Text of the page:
The rooms that you visit today have been left virtually untouched since his death and a visit to Abbotsford House gives you an intimate insight into the personality and interests of this great man. Some of the most interesting aspects of the house are the personal collections of Sir Walter Scott which include unusual items such as the weapons of Rob Roy, the case book of Napoleon, and even a bullet and piece of oatcake taken from the site of Culloden Battlefield.

Visitors can see Sir Walter Scott’s Study, Library, Drawing Room, Entrance Hall, small Armoury, and the Dining Room where he died on 21st September 1832. The dining room contains paintings of several generations of the Scott family. Unfortunately, the last of his bloodline died in 2004 and the care of the house has now been taken over by the Abbotsford Trust.

History: The Legendary ‘American Colony Hotel’ – Jerusalem (DW Video)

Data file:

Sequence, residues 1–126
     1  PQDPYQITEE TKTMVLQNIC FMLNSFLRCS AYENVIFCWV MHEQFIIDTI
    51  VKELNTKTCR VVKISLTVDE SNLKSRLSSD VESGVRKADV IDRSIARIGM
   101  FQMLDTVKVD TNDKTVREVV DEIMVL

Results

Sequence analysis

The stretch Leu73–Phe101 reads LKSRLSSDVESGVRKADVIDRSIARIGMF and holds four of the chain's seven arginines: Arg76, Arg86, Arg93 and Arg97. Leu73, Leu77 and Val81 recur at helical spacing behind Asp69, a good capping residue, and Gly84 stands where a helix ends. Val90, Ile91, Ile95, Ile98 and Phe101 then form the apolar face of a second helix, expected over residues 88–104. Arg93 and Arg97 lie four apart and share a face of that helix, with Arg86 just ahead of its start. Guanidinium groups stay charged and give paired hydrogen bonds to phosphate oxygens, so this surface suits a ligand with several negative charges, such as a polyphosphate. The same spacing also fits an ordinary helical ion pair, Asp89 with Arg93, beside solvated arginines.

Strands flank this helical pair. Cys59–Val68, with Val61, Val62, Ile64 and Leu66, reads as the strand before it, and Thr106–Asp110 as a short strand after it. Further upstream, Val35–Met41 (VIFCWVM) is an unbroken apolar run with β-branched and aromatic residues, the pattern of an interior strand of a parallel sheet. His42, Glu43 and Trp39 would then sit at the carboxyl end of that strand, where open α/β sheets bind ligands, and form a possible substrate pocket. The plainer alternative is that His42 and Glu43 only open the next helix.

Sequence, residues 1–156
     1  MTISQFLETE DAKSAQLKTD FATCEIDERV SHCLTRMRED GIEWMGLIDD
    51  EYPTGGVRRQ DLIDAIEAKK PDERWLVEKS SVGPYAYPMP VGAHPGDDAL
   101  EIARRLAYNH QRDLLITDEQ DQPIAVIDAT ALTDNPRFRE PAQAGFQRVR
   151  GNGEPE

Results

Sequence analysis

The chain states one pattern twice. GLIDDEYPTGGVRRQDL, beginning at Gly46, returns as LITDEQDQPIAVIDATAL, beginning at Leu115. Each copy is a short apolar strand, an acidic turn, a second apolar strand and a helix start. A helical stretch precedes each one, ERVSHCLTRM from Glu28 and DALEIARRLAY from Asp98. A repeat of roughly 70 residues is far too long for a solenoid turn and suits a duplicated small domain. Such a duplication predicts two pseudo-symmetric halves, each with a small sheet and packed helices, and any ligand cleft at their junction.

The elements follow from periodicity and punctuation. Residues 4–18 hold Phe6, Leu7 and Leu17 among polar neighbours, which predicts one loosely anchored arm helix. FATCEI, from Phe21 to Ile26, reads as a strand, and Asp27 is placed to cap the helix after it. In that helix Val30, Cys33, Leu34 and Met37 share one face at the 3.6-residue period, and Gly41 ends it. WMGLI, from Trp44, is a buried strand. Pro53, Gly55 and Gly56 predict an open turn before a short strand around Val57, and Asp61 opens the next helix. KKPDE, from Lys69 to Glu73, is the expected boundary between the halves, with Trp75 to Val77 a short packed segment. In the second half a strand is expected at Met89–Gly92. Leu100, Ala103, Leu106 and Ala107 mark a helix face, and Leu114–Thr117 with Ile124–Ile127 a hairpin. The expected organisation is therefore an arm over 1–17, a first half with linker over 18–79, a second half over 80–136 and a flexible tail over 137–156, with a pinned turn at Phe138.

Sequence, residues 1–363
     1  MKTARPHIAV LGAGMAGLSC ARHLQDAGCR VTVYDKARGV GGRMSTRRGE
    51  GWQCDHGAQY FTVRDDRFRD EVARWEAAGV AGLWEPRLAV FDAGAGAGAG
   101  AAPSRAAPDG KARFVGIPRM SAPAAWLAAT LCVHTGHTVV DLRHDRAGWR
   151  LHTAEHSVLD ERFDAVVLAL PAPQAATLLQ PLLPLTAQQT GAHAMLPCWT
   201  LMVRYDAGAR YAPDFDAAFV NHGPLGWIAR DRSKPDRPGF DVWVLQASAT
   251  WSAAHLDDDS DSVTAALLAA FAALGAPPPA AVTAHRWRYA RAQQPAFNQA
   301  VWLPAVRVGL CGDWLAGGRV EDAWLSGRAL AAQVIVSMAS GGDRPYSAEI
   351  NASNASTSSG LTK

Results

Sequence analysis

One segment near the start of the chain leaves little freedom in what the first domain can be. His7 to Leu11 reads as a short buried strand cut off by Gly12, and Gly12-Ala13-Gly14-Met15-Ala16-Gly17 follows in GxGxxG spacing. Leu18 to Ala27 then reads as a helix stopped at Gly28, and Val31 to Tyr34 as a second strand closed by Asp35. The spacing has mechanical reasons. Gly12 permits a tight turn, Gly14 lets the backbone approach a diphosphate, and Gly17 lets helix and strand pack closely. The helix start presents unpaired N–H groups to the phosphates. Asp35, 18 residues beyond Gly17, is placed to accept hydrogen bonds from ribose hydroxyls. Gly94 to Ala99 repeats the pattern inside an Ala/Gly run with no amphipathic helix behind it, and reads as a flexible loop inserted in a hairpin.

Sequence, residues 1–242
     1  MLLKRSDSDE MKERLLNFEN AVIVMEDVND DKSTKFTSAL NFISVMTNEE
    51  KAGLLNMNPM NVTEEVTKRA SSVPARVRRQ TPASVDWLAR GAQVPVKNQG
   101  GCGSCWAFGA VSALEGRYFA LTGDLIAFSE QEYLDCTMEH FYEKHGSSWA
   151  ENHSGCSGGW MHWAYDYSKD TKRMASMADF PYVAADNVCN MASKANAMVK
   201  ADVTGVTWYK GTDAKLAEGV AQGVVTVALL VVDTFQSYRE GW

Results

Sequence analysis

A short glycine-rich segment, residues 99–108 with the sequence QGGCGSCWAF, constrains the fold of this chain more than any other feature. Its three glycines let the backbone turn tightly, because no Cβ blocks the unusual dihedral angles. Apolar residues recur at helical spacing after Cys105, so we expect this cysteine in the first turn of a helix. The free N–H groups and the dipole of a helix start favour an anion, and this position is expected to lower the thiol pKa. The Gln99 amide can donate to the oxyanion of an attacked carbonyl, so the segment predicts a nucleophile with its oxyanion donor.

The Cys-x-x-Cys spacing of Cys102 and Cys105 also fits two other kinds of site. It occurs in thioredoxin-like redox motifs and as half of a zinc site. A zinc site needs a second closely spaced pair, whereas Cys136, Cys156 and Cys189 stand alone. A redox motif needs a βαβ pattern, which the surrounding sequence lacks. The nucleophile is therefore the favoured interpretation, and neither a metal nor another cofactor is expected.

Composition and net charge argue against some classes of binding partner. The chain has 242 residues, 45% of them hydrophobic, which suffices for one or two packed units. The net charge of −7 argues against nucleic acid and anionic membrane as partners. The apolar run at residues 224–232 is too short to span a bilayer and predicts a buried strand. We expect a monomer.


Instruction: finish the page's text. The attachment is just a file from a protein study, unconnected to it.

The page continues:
The elegant “American Colony Hotel” in Jerusalem is an island of tranquility in a troubled city. The grand hotel has lived through all of Jerusalem’s serious crises. Everyone is welcome here, no matter where they come from or what they believe. The name “American Colony Hotel” goes back to a group of 19th Century American pilgrims. In its early days, the grand hotel was located among olive groves outside Jerusalem’s city walls. For over a hundred years, many parties to the Palestinian-Israeli conflict have shaken hands, eaten and drunk here together. People mingle here in a way they would never do elsewhere. Behind it all is the fascinating story of Anna and Horatio Spafford, who, after several tragic events, moved from the US to the Holy Land with a community of devout Christians. With diligence, skill, and an insistence on neutrality and tolerance despite political difficulties, they created a hotel in a truly special location. Its atmosphere continues to attract illustrious guests from the worlds of politics, diplomacy, literature, art and entertainment.